Human white blood cells synthesize morphine: CYP2D6 modulation
Zhu W, Cadet P, Baggerman G, Mantione KJ, Stefano GB.
Neuroscience Research Institute,
State University of New York College at Old Westbury,
Old Westbury, NY 11568, USA.
J Immunol. 2005 Dec 1;175(11):7357-62.
ABSTRACTHuman plasma contains low, but physiologically significant, concentrations of morphine that can increase following trauma or exercise. We now demonstrate that normal, human white blood cells (WBC), specifically polymorphonuclear cells, contain and have the ability to synthesize morphine. We also show that WBC express CYP2D6, an enzyme capable of synthesizing morphine from tyramine, norlaudanosoline, and codeine. Significantly, we also show that morphine can be synthesized by another pathway via l-3,4-dihydroxyphenylalanine (L-DOPA). Finally, we show that WBC release morphine into their environment. These studies provide evidence that 1) the synthesis of morphine by various animal tissues is more widespread than previously thought and now includes human immune cells. 2) Moreover, another pathway for morphine synthesis exists, via L-DOPA, demonstrating an intersection between dopamine and morphine pathways. 3) WBC can release morphine into the environment to regulate themselves and other cells, suggesting involvement in autocrine signaling since these cells express the mu3 opiate receptor subtype.Morphine: structure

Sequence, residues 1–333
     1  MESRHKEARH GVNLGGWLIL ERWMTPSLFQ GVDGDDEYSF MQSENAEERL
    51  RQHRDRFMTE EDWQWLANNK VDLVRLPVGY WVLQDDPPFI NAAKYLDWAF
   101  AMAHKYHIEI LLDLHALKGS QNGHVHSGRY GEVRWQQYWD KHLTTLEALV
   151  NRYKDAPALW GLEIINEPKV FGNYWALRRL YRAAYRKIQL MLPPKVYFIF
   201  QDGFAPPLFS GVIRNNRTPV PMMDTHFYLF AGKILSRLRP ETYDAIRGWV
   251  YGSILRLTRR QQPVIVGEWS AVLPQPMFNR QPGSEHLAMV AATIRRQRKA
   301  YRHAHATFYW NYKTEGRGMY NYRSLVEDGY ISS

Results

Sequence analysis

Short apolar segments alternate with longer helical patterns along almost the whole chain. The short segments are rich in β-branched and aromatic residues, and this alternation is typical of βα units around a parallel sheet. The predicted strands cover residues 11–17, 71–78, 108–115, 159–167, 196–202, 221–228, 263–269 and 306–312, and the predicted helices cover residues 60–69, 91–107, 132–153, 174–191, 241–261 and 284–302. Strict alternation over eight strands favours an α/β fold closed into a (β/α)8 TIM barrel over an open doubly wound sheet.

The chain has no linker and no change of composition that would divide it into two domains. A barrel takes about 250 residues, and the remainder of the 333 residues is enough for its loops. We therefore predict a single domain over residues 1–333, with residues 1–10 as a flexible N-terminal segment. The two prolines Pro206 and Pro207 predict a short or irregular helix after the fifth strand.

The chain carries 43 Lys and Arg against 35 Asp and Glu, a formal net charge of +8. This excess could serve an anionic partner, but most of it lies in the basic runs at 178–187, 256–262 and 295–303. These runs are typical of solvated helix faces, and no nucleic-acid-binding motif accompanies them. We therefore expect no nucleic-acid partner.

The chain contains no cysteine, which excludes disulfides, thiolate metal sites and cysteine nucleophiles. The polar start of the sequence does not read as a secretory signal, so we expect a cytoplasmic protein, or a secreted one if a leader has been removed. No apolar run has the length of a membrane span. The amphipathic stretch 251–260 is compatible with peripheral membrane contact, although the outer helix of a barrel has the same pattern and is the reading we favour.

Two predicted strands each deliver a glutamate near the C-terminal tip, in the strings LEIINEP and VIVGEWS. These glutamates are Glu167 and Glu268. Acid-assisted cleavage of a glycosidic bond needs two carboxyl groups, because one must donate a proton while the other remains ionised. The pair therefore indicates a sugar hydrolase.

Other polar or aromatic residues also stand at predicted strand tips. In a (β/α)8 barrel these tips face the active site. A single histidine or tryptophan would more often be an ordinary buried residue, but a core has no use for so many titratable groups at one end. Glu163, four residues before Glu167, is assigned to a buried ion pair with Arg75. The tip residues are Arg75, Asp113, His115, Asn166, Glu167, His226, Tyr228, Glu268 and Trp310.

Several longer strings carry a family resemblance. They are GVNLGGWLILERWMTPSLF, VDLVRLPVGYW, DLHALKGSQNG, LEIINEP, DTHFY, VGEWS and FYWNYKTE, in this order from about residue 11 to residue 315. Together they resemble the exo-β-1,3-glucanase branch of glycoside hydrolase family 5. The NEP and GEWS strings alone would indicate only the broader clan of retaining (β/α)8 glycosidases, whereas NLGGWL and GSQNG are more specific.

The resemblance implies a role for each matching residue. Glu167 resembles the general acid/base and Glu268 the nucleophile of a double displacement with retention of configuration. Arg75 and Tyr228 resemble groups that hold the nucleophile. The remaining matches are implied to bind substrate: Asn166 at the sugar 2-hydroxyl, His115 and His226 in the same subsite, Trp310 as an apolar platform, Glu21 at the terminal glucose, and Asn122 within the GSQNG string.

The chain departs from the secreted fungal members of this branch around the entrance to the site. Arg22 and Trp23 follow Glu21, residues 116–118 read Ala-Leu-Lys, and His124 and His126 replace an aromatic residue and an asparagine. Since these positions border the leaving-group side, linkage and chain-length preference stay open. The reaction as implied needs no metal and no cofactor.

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Opioids, depression and learned helplessness
Morphine in amygdala and the mu3 opiate receptor
Opioids, pain and the immune system in evolutionary perspective
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